BBC NEWS Americas Africa Europe Middle East South Asia Asia Pacific Chinese Vietnamese Burmese Thai Indonesian

BBC News World Edition
    You are in: Asia-Pacific  
News Front Page
Middle East
South Asia
Talking Point
Country Profiles
In Depth
BBC Sport
BBC Weather
 Wednesday, 22 January, 2003, 05:44 GMT
N Korea 'not seeking' nuclear arms
South Korean soldiers with an anti-tank launcher near the border
South Korea is anxious to resolve the nuclear crisis
North Korea is reported to have told South Korea that it has no intention of producing nuclear weapons.

North Korean soldier
16 Oct: N Korea acknowledges secret nuclear programme, US says
14 Nov: Oil shipments to N Korea halted
22 Dec: N Korea removes monitoring devices at Yongbyon nuclear plant
31 Dec: UN nuclear inspectors forced to leave North Korea
10 Jan: N Korea pulls out of anti-nuclear treaty
11 Jan: Pyongyang suggests it could resume ballistic missile tests
The statement came in ministerial talks between the two Koreas in the southern capital, Seoul - the highest level dialogue between them for three months.

A spokesman for the South Korean delegation, Rhee Bong-Jo, said the North had spelt out its position on the issue after Seoul raised its concern during the first round of the talks.

"The South emphasized that overall inter-Korean relations would be unable to move ahead without the nuclear question being resolved," Mr Rhee said.

Meanwhile, the US Under Secretary of State, John Bolton, is shortly to meet the South Korean Foreign Minister in Seoul.

Mr Bolton is trying to get backing for Washington's view that the North Korean nuclear crisis should be referred to the United Nations Security Council.

North Korea has been under increasing international pressure to reverse its decision to pull out of the nuclear arms control treaty and reactive a power station capable of producing weapons grade plutonium.

'Reliable steps'

The four-day talks, which are the ninth round of discussions between the two sides since an historic summit in 2000, were supposed to focus on reconciliation and a number of ongoing joint projects.

John Bolton
Mr Bolton is the second high-level US diplomat to visit the region recently

But Seoul has appeared determined to take advantage of the meeting to press for the resolution of the nuclear stand-off.

"Through this round of talks, we aim to persuade the North to take more concrete steps," Mr Rhee said.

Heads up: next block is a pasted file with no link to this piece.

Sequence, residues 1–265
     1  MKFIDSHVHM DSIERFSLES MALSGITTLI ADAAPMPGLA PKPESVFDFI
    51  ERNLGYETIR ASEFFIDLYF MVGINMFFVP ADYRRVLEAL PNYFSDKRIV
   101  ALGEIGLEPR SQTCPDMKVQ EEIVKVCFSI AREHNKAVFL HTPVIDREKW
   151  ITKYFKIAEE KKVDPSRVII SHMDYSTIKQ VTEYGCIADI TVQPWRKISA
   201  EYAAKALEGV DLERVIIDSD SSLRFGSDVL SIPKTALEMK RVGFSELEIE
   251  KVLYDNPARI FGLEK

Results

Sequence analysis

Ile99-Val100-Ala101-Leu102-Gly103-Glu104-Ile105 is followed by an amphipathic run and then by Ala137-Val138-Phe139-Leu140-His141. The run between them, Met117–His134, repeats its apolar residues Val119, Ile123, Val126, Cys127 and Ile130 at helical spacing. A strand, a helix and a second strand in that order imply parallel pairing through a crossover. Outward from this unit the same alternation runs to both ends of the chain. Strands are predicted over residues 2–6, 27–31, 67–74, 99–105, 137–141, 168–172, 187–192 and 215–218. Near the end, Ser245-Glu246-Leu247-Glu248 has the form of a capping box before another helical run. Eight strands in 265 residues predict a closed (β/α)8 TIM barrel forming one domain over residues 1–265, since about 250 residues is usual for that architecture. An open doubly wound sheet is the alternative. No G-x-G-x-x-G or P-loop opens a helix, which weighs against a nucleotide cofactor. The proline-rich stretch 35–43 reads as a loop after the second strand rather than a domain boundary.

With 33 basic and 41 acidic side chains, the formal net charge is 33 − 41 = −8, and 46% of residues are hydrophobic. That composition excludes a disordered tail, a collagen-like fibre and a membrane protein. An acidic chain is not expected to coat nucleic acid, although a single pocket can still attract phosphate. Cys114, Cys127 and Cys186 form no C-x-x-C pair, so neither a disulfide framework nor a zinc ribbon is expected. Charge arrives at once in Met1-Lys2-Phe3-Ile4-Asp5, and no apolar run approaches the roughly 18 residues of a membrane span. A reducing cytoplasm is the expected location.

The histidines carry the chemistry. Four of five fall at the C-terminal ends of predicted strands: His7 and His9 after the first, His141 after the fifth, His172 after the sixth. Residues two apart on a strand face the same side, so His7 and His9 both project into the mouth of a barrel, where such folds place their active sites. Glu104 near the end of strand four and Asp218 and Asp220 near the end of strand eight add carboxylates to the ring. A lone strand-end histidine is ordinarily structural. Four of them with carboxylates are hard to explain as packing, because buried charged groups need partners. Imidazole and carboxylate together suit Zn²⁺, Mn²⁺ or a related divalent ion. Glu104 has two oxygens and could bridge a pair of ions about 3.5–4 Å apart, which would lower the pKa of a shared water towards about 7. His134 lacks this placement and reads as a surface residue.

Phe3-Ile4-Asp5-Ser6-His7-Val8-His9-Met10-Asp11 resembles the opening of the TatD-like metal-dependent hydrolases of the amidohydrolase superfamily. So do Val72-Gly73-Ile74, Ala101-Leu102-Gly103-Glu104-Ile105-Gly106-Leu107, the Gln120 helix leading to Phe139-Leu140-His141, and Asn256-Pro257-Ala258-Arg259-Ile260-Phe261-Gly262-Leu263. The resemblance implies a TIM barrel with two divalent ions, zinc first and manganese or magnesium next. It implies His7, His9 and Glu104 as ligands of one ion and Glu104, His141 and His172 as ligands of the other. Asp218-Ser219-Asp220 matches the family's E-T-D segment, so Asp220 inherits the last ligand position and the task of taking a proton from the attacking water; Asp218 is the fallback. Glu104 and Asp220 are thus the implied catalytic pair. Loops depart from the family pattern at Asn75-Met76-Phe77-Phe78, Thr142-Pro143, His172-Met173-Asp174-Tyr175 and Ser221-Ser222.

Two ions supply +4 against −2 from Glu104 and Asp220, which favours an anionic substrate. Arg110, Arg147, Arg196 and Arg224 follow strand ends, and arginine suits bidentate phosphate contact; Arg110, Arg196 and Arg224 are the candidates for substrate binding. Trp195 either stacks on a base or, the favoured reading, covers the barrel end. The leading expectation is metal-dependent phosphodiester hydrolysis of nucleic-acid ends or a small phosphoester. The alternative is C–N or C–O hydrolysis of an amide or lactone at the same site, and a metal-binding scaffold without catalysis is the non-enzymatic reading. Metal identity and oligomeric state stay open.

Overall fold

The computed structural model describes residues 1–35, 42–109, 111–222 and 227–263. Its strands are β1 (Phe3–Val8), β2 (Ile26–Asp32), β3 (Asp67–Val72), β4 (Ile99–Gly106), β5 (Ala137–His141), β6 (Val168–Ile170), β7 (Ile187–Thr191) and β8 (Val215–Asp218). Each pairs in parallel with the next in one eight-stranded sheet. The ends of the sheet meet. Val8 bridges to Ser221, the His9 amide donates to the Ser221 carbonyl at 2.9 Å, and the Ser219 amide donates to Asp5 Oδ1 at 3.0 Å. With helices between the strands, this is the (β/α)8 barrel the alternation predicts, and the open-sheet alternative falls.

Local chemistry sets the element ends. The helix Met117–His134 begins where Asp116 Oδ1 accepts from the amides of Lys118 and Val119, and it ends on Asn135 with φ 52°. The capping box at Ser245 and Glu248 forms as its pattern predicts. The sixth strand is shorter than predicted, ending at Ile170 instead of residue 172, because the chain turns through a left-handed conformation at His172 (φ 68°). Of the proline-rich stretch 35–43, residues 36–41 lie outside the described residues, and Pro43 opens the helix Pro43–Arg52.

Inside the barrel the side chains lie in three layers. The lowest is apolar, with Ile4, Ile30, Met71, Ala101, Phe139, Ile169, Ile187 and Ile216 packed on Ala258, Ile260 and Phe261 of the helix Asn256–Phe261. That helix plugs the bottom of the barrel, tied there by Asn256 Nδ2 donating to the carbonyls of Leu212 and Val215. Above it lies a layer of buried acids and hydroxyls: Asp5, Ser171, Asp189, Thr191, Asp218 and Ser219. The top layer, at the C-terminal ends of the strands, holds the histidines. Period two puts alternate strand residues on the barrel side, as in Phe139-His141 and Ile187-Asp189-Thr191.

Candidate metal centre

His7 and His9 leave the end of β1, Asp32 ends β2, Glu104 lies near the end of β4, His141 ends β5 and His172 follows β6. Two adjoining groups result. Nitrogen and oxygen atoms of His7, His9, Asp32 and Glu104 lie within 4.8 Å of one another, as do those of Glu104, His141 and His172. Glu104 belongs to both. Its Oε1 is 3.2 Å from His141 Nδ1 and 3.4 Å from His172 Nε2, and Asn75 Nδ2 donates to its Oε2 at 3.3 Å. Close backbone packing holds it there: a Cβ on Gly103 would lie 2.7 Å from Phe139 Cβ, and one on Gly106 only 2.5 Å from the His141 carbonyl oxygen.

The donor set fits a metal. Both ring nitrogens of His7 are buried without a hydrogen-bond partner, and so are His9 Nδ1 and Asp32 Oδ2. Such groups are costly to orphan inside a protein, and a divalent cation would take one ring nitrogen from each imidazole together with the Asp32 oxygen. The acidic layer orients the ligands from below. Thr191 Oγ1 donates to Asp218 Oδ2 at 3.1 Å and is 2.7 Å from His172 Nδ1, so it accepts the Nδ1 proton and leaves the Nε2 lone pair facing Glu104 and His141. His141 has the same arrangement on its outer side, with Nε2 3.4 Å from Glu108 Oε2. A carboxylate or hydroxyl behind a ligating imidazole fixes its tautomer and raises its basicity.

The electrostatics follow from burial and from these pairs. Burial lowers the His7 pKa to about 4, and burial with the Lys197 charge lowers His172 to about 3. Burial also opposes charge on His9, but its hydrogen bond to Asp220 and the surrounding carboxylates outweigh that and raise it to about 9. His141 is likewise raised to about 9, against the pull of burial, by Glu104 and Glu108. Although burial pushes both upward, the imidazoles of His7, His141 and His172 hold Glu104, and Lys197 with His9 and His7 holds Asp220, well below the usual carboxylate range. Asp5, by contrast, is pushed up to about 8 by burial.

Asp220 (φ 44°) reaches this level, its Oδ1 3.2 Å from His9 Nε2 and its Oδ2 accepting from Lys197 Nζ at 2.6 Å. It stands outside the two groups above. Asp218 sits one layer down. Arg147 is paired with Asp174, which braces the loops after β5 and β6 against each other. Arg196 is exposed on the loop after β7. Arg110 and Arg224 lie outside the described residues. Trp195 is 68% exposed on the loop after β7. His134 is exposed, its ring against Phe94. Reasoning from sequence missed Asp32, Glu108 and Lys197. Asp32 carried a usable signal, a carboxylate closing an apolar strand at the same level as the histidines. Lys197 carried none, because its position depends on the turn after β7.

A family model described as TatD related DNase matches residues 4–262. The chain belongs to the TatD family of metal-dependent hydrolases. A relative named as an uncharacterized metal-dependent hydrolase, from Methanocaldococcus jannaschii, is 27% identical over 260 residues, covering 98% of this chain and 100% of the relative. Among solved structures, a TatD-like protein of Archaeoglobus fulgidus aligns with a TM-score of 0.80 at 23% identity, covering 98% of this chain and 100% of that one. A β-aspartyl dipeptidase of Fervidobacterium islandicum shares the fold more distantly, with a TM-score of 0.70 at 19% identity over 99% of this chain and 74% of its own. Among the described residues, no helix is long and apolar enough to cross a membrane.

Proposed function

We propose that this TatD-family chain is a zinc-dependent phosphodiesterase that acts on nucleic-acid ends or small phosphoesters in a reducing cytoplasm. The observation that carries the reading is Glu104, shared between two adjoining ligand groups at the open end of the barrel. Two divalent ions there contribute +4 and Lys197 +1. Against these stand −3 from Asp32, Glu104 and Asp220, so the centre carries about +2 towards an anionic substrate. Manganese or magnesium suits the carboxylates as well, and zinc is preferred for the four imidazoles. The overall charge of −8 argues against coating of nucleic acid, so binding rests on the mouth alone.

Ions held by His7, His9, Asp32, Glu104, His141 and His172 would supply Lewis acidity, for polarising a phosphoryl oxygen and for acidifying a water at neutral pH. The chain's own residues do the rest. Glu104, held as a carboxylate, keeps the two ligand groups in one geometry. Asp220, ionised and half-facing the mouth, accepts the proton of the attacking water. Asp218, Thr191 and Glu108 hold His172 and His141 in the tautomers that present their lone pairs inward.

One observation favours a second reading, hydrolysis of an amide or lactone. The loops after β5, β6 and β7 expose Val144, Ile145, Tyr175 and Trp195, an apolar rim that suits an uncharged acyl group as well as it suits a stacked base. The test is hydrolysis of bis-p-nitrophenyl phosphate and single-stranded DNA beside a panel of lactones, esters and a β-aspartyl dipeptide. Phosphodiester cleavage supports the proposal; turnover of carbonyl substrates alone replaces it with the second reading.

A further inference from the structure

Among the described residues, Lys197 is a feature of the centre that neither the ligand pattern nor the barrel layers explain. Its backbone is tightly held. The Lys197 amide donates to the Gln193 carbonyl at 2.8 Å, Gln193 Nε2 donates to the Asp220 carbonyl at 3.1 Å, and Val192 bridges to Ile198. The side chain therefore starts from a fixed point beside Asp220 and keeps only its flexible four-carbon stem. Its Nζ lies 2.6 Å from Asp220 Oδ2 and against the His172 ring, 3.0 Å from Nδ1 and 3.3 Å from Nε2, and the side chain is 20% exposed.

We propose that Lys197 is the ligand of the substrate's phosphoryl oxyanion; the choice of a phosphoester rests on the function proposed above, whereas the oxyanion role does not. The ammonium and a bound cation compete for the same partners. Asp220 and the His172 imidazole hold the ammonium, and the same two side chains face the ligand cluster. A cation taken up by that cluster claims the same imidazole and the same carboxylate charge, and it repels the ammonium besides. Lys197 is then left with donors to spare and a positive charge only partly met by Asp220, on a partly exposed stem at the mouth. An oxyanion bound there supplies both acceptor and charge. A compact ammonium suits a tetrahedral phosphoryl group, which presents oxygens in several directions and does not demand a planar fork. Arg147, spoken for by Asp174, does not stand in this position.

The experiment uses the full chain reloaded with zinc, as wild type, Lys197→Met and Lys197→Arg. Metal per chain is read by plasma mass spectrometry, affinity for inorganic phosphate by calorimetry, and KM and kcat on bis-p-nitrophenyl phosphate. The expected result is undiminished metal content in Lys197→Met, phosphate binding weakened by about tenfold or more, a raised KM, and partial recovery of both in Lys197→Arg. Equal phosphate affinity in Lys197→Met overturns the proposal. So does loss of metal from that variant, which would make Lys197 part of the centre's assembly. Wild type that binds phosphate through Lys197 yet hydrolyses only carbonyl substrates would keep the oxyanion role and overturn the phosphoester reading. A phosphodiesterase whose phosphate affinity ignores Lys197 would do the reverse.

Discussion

He said the talks could help create the conditions for a resumption of dialogue between Pyongyang and Washington.

"We urged them to take reliable steps the international community could accept," Mr Rhee said.

North Korea has so far resisted any intervention by other countries to defuse the nuclear crisis, calling it a bilateral issue between it and the US.

The United States has said that it is willing to sit down with Pyongyang, but has made no plans to do so.

Analysts believe the North may try to use the meeting to create a split between the South and its traditional ally, Washington.

Russian plan

However, on Tuesday, a Russian envoy spoke optimistically of ending the stand-off.

Russian Deputy Foreign Minister Alexander Losyukov
Mr Losyukov: 'Useful and constructive' talks

Russian Deputy Foreign Minister Alexander Losyukov, who held six hours of talks with North Korean leader Kim Jong-il, said Pyongyang responded "with interest" to a Russian plan to defuse the crisis.

He told Russia's Itar-Tass news agency that the North Korean leadership was currently considering Moscow's plan to end the impasse.

The Russian plan reportedly envisages nuclear-free status for the Korean peninsula, security guarantees for North Korea, and a package of humanitarian and economic aid.

Two other sets of inter-Korean talks are also taking place this week.

One will focus on the reconnection of cross-border road and rail links.

The other, involving Red Cross officials, was expected to set a new date for another round of reunions between relatives from the two Koreas who have been separated since both countries went to war half a century ago.

But those discussions are reported to have stalled due to a dispute over the size for a proposed venue for the reunions.

  The BBC's Caroline Gluck
"Seoul still hopes that peaceful diplomacy can resolve the nuclear impasse"

Nuclear tensions

Inside North Korea

Divided peninsula

See also:

21 Jan 03 | Asia-Pacific
19 Jan 03 | Asia-Pacific
17 Jan 03 | Asia-Pacific
14 Jan 03 | Asia-Pacific
10 Jan 03 | Asia-Pacific
13 Jan 03 | Asia-Pacific
13 Jan 03 | Asia-Pacific
10 Jan 03 | Asia-Pacific
21 Jan 03 | Media reports
Internet links:

The BBC is not responsible for the content of external internet sites

Links to more Asia-Pacific stories are at the foot of the page.

 E-mail this story to a friend

Links to more Asia-Pacific stories

© BBC ^^ Back to top

News Front Page | Africa | Americas | Asia-Pacific | Europe | Middle East |
South Asia | UK | Business | Entertainment | Science/Nature |
Technology | Health | Talking Point | Country Profiles | In Depth |